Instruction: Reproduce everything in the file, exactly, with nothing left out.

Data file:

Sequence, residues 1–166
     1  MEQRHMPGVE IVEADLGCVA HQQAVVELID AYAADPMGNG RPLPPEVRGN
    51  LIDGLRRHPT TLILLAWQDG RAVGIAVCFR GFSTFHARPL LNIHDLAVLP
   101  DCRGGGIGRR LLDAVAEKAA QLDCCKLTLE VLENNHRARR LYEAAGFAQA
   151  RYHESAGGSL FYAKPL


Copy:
Sequence, residues 1–166
     1  MEQRHMPGVE IVEADLGCVA HQQAVVELID AYAADPMGNG RPLPPEVRGN
    51  LIDGLRRHPT TLILLAWQDG RAVGIAVCFR GFSTFHARPL LNIHDLAVLP
   101  DCRGGGIGRR LLDAVAEKAA QLDCCKLTLE VLENNHRARR LYEAAGFAQA
   151  RYHESAGGSL FYAKPL